vent violence by reducing the number of unannounced entries into homes, thereby elimi-
nating the possibility that a homeowner will mistake the police for a burglar or other
unauthorized intruder. Second, the rule helps reduce the destruction of property by provid-
ing the homeowner with the opportunity to admit the police peacefully, eliminating the
need for the police to break into the home. Third, the rule allows the homeowner to redi-
rect police officers who are at the wrong address. Fourth, and perhaps most important, the
rule helps to protect an individual’s right to privacy (LaFave, 1996; Mericli, 1989).
The Knock and Announce Rule 1603-1958
The knock and announce rule dates from the early common law period. It was mentioned
in the Statute of Westminster (1275), which apparently codified existing common law
(Blackstone, 1978). The first recorded English case discussing the knock and announce rule
was Semayne’s Case (1604), in which the court stated the following:
The sheriff (if the doors be not open) may break the party’s house, either to arrest him, or to
do other execution of the King’s process, if otherwise he cannot enter. But before he breaks it,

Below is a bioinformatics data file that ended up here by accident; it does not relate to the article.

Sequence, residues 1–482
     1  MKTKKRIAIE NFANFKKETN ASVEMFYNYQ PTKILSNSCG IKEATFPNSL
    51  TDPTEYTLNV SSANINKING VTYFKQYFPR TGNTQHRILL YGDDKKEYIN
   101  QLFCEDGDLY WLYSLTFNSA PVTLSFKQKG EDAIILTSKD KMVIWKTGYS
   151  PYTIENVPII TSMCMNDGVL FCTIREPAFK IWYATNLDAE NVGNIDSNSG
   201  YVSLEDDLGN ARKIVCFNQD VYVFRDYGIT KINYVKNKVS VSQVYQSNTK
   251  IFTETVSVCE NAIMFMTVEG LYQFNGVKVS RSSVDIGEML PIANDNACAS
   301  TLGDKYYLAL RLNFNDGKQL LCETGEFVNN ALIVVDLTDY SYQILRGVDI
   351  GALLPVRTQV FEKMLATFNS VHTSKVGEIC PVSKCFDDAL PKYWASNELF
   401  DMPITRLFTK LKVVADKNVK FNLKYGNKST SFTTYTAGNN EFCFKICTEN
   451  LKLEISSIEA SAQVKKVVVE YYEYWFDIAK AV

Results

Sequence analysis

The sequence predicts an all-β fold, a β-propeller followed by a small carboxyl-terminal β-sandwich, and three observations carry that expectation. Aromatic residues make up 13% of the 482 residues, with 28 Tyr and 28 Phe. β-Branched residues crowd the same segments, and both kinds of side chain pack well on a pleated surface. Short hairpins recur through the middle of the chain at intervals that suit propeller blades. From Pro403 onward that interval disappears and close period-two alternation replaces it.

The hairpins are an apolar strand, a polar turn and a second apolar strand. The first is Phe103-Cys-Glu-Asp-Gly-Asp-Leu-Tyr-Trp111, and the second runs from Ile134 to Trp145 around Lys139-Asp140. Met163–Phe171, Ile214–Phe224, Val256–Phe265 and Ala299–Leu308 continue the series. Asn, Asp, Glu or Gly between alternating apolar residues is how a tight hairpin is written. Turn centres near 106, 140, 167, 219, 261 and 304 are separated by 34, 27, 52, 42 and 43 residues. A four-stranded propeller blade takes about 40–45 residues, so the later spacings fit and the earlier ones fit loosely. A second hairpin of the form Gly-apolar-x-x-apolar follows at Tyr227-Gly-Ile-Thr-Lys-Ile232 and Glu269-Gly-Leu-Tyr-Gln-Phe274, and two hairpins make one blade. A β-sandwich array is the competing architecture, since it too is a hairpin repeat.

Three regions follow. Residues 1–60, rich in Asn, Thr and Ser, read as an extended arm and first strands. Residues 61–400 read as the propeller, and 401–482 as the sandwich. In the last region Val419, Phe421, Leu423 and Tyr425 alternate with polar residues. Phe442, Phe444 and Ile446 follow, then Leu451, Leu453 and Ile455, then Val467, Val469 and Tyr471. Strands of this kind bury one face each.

he ought to signify the cause of his coming, and to make request to open the doors. (p. 195)
Although Semayne’s Case involved the execution of a civil writ, in Curtis’s Case (1757),
the court announced that law enforcement officers were justified in entering a home by
force only if they first demanded admittance and gave notice that the officer was acting
under proper authority and not as a trespasser. Several scholars of the time indicate that
notice and announcement were generally required in the execution of both civil and crimi-
nal warrants (Blackstone, 1978; Hale, 1847).
Early American colonial case law followed the English tradition. Writs of assistance
were commonly used by colonial officials searching for prohibited goods. Yet even these
writs, with their broad language and scope, could be executed only after notice was first
given to the suspect (Cuddihy, 1990; Lasson, 1937). After the American Revolution, at least
282 Criminal Justice Review